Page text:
A canny but unknowing viewer might even suspect that Marlow Moss never existed at all, is actually one of those fictional artists that artists invent - and that doubt would be to the exhibition's point. Moss might as well not have existed for all she's remembered, and re-establishing her now is a quasi-fictional enterprise, given how little of her and her work is known; and then thinking about how modern art history would look if Moss had a more central place in it, which arguably she deserves, makes you think this history itself is a kind of fiction. Who decides? Who tells the story? All those questions.

Not bad questions, but there's a danger of turning mischance into mystification. Moss, after all, is almost too good an example of a missing artist - she has everything not going for her. Much work destroyed, much squirrelled away from view; not just a woman, whose influence male artists may have been reluctant to admit, but a very retiring and reclusive operator who didn't really try to get into history. But still, she did exist and some of her work still does, and we can have news about it, rather than making it into an emblem of loss.

There is actually a real Moss on show in the next door gallery at the Tate, among real Nicholsons and Hepworths, while its half-size token hangs among the rest round the corner - a curious near-juxtaposition, but it's telling that the genuine article isn't in the same room as the replicas. It would rather break the cloud of unknowing that Dijkstra cultivates. It would let in the possibility of direct knowledge and response, and that seems the important thing, however late in the day, however little we have to go on.

Take the Double Line business: Moss started it, and should get credit for that, but it may still be true that the Double Line is only valuable because of what Mondrian did with it, not what Moss did with it. Originality isn't everything. To judge from the replicas, I'd say that was so, and that Moss's best work is when she departs further from Mondrian, with much more fractured scatterings of lines and oblongs. But from these small- scale, notionalised replicas, you can't really tell, and aren't really meant to.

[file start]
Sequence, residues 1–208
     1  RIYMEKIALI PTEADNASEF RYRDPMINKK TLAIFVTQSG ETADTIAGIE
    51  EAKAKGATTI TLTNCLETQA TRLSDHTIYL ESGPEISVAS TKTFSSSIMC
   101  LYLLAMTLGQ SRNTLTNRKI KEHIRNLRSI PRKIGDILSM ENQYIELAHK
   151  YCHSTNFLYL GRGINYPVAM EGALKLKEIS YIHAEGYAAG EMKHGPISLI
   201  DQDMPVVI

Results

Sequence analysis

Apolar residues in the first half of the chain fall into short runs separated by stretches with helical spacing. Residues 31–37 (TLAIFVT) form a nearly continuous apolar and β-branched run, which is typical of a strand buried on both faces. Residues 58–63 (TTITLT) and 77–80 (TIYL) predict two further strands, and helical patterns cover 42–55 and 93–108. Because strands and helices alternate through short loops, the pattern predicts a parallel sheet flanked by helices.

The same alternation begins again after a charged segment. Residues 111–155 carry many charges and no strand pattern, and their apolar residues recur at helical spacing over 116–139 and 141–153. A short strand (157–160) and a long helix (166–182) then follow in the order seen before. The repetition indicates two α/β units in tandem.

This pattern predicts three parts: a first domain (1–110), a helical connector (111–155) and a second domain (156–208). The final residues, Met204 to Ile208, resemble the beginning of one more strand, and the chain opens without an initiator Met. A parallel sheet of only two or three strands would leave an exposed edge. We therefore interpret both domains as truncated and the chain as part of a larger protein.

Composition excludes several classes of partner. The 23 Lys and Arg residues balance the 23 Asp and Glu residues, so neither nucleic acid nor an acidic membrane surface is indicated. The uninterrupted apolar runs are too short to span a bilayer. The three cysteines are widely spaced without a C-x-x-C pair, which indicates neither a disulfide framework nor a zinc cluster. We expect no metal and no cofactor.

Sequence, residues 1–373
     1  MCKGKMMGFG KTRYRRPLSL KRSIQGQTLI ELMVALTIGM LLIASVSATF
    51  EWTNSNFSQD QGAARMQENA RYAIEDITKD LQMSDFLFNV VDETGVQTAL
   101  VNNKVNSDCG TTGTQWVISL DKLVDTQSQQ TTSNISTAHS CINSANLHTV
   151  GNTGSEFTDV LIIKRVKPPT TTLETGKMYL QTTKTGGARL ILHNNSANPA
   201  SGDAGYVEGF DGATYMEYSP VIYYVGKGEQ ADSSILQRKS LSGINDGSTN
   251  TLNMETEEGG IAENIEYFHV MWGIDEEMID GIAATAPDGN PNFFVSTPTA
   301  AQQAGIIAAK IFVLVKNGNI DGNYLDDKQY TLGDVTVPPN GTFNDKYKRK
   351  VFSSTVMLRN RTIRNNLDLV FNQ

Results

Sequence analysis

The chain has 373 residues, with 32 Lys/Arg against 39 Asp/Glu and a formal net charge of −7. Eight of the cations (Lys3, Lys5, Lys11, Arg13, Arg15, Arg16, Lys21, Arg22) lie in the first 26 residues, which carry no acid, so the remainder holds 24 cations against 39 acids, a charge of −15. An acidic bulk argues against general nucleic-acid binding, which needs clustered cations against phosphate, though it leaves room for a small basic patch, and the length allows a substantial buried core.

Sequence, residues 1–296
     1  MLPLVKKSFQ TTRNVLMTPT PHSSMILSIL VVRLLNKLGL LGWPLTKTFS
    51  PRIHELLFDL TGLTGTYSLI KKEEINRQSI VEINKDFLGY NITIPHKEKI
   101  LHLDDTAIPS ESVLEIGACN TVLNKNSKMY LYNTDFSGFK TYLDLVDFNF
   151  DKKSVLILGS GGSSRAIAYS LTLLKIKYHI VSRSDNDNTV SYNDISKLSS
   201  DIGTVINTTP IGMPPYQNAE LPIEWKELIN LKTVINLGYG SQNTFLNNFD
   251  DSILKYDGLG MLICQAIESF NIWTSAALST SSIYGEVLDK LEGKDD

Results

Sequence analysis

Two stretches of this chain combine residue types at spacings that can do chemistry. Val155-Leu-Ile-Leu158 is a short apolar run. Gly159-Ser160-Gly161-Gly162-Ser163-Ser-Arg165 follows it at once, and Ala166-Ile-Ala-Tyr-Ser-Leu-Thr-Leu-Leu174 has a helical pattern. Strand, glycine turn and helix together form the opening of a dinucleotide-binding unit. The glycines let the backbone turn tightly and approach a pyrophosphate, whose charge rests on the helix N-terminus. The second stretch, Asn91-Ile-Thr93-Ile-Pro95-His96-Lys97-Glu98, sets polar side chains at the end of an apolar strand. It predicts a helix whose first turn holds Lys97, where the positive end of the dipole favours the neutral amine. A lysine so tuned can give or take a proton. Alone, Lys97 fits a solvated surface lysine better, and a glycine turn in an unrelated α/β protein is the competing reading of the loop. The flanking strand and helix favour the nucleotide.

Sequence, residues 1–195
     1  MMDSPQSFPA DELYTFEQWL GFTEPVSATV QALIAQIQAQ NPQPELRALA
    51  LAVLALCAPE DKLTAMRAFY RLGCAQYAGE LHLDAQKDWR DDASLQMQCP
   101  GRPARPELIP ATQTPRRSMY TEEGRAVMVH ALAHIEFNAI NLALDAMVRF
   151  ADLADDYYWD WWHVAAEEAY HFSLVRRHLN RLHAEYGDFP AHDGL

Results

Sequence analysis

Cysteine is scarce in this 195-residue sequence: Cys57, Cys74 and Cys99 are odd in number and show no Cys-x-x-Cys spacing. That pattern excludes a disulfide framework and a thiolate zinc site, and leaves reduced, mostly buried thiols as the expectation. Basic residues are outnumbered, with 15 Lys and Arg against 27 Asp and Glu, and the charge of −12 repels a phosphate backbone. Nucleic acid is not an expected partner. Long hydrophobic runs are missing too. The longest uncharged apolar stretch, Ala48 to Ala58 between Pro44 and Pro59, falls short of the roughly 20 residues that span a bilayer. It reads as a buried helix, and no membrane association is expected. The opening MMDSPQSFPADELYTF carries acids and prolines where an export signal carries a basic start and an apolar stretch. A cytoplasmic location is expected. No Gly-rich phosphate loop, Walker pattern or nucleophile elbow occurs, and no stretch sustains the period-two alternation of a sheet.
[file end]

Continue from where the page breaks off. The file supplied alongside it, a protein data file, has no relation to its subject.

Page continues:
The point is, it could be done another way. Dijkstra's treatment stresses our helplessness to know the absent work. But she or another artist might have been more helpful, might have taken on a more literal reconstruction of the Moss uvre. The real issue this show raises is about originality in the other sense: the possibility of usefully transmitting an artist's work at second hand. Both modernism and post-modernism are against this. Modernism says that only the artist's authentic hand will do, that or nothing; there can be no valid substitutes for the unique handiwork. Post- modernism favours imitation as a way of casting doubt on the very idea of authenticity and uniqueness.

But it seems to me there's a middle way here, which allows for unique values in art, but allows too that some of that value can be usefully communicated by substitutes - eg by someone copying a picture very faithfully, or by somebody trying to repaint a lost picture, known from reproduction, as it might have been, drawing on surviving work of the artist (something like Deryck Cooke's completion of Mahler's 10th Symphony).

A gallery of such copies and reconstructions, seriously done, wouldn't be invalid. It wouldn't just be fakes and pastiches. Something of the originals could come through to us. Many old masters are known only through others' copies, but when the originals turn up, you find the copy often wasn't far off the mark. And, frankly, it can't be that hard to do a passable version of a Moss or even a Mondrian - not as hard as it would be to do a Vermeer. Besides, the De Styl artists set no store by individuality, so it would be quite in the spirit, too. Of course, I'm imagining a different show from the one in St Ives, and a different approach to art from any that now prevails: one not fussed about patent law, but very interested in the distribution of goods.

The Tate Gallery, St Ives (01736 796226), until 12 March.